Film Review: The Grey Town (director - Justin Smothers)
3.5 out of 5.0 stars
First time filmmaker, Justin Smothers, makes a strong debut by directing an adventurous film with political context. The film starts while our lead actors stop to grab a bite while on a road trip.
Willy (Christian Campbell) and Mary (Shanisa Dixon) head toward the restaurant and the atmosphere almost immediately begins to be stressful, for them but also for the audience. They enter a place with a very specific vibe that seems to have it’s own rules. As the description of the film states, “there are some towns in America that haven’t evolved’’.
The waiter, Kevin, (Larry Hull) at the restaurant and the chalkboard behind him.
The menu chalkboard at the restaurant specifically states that we have entered a “town of tradition’’. This so-called ‘‘tradition” is about to be brutally revealed in the next minutes of the film. It will also have it’s pick in the end. The movie raises awareness about race issues and also about misconducts of the police in the U.S.A.
The directing of the actors has a very realistic approach. Christian Campbell serves a great performance as the lead actor.
His calm and down-to-earth acting portrays perfectly the hard reality of how a black man is forced to be used in a quotidian state of facing injustice. For example, his calm reaction while the police make him and his partner stop their car in the middle of the night without any reason.
Willy and Mary are waiting in their car while being checked by the police.
While the film is rich in content, it lacks perfection in some technical details that would have made the experience of watching it much stronger. Some problems in sound editing makes the audience distant. Also, it’s directing pace does not help to identify the genre. That takes a lot away from the movie and it makes it difficult for us to engage. A faster thriller or a slower drama would have been a more complete cinematic event. That definitely does not mean that the incapability to identify a genre makes a film bad.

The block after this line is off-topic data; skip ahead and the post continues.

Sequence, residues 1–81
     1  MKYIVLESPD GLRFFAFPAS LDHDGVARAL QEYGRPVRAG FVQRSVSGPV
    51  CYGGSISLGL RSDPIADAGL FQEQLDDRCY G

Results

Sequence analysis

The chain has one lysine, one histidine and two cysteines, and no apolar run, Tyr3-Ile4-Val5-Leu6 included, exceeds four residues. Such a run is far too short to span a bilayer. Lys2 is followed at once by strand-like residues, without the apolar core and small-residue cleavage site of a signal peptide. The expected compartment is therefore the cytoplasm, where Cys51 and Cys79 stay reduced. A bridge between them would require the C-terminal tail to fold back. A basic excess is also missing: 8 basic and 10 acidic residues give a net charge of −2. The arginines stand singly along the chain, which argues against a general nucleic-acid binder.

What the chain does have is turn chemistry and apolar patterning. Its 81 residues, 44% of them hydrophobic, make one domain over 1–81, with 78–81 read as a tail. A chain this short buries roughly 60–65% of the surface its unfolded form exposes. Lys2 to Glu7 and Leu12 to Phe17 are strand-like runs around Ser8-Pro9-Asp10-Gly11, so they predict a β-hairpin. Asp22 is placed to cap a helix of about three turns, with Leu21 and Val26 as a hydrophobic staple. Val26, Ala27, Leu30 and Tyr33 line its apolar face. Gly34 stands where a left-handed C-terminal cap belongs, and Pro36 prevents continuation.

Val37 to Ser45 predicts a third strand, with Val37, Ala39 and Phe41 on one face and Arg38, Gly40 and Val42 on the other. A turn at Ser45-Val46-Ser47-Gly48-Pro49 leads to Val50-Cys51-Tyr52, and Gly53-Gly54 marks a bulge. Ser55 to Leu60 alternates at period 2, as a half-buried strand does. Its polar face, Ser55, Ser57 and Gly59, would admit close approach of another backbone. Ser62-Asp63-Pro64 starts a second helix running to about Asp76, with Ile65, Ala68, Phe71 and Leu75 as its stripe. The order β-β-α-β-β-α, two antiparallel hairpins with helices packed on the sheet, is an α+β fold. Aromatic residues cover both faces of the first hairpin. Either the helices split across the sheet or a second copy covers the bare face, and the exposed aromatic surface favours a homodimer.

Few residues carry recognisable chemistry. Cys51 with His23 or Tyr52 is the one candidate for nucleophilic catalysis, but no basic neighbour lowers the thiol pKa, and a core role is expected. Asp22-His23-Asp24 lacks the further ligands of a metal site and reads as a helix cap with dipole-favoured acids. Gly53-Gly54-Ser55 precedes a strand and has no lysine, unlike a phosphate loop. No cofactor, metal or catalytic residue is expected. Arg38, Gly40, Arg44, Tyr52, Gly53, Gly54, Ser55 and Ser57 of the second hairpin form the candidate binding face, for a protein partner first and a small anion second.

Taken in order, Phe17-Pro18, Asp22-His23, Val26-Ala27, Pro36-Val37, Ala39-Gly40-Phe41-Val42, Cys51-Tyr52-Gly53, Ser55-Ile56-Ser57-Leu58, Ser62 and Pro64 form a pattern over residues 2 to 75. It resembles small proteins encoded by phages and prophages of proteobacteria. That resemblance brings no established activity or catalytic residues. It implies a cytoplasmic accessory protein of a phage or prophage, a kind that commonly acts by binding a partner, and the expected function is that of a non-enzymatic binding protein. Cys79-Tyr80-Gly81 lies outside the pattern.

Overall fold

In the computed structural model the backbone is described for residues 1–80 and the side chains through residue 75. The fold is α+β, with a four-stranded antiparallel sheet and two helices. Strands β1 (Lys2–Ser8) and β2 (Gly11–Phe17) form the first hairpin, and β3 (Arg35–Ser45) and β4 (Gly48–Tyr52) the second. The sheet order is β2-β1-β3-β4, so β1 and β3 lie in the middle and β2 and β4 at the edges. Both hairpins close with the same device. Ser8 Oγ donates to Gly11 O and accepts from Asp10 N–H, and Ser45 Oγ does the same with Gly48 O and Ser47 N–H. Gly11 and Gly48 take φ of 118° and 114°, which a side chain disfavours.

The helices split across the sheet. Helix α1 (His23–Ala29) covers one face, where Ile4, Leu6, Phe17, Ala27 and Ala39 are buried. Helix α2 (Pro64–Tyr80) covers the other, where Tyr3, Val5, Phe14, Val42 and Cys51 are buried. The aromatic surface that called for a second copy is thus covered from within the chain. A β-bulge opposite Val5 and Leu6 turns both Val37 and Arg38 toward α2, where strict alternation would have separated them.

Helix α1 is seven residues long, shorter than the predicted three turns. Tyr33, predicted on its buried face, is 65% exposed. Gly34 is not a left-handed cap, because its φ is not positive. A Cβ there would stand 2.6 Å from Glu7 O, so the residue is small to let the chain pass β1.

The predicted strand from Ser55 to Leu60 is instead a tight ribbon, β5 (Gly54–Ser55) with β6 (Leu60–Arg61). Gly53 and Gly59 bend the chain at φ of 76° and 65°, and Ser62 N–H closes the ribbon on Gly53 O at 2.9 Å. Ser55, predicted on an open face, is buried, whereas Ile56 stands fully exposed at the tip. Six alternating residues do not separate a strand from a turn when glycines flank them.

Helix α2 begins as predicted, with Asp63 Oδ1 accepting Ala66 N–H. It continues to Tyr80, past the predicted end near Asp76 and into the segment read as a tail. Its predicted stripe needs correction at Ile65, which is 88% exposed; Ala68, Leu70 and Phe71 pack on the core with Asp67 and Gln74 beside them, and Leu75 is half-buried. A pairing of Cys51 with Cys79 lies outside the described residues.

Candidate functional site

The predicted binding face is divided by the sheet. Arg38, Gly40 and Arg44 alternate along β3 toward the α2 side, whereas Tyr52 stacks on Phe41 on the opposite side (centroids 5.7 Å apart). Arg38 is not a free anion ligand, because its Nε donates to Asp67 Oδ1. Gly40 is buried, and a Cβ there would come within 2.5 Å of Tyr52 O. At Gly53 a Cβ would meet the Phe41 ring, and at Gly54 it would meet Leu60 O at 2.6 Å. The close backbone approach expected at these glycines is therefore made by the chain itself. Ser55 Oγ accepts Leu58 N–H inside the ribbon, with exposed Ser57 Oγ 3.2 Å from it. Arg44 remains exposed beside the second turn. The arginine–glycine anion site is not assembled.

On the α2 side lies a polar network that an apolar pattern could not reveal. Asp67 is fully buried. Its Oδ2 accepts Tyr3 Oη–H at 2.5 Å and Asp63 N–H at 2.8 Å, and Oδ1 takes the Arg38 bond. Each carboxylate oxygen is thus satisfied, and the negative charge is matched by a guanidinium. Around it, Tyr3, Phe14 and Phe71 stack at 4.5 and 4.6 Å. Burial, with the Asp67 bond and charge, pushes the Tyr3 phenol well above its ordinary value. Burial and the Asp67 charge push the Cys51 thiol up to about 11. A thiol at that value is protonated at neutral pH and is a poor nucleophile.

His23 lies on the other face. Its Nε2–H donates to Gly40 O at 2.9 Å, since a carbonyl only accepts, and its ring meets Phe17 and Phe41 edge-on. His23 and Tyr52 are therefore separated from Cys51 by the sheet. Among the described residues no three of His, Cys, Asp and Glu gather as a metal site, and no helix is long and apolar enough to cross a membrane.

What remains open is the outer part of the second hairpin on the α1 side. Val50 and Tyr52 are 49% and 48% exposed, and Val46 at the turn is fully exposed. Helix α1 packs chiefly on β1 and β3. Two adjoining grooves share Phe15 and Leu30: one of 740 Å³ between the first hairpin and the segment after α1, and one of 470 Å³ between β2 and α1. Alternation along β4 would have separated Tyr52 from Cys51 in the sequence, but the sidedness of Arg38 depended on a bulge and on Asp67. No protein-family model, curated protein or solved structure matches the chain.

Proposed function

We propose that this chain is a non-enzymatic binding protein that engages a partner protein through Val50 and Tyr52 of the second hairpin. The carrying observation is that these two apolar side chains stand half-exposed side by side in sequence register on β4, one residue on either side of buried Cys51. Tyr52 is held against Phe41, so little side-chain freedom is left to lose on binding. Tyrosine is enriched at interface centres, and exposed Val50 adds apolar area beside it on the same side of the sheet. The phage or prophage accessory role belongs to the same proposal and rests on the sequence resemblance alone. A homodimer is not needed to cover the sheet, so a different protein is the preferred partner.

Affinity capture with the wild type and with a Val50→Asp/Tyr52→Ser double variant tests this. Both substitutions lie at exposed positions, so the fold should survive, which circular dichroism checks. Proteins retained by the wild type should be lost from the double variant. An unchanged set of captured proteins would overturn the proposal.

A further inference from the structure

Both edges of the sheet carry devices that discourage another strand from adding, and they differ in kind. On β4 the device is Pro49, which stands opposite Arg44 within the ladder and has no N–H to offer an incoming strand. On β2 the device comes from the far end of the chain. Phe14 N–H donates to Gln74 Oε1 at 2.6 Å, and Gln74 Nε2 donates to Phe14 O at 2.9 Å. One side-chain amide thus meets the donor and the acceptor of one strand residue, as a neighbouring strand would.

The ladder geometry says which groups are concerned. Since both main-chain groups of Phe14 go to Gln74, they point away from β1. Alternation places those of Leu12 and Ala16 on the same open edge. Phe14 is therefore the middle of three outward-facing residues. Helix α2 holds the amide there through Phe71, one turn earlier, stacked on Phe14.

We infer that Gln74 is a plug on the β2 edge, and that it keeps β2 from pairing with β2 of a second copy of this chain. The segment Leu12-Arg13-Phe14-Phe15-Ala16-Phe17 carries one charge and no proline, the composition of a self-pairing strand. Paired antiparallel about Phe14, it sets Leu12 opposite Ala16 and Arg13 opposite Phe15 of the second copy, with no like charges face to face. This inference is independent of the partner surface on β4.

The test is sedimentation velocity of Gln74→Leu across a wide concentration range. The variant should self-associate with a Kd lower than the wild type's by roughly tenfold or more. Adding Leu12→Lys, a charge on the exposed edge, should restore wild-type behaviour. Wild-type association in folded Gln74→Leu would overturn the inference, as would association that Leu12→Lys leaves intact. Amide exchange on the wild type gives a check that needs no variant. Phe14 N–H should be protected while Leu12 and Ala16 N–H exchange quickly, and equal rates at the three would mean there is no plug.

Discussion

Although, while looking at this problem in a more positive way, the ambiguous pace could also work as a stress tool. What I mean is that the audience is already in an anxious state because it’s aware since the beginning that the subject of the film touches racial issues. That keeps us in a permanent state of uneasiness and so this results in a more powerful anticipation of the climax.
Nevertheless, all those problematics disappear when the film reaches its peak. As I stated before, the film is rich in content and that can not be overlooked because of technicalities. The audience must be ready for an unexpected feminist and anti racist twist tha will make the movie to take off. In any way, the film must be watched and we anticipate the director’s next pieces!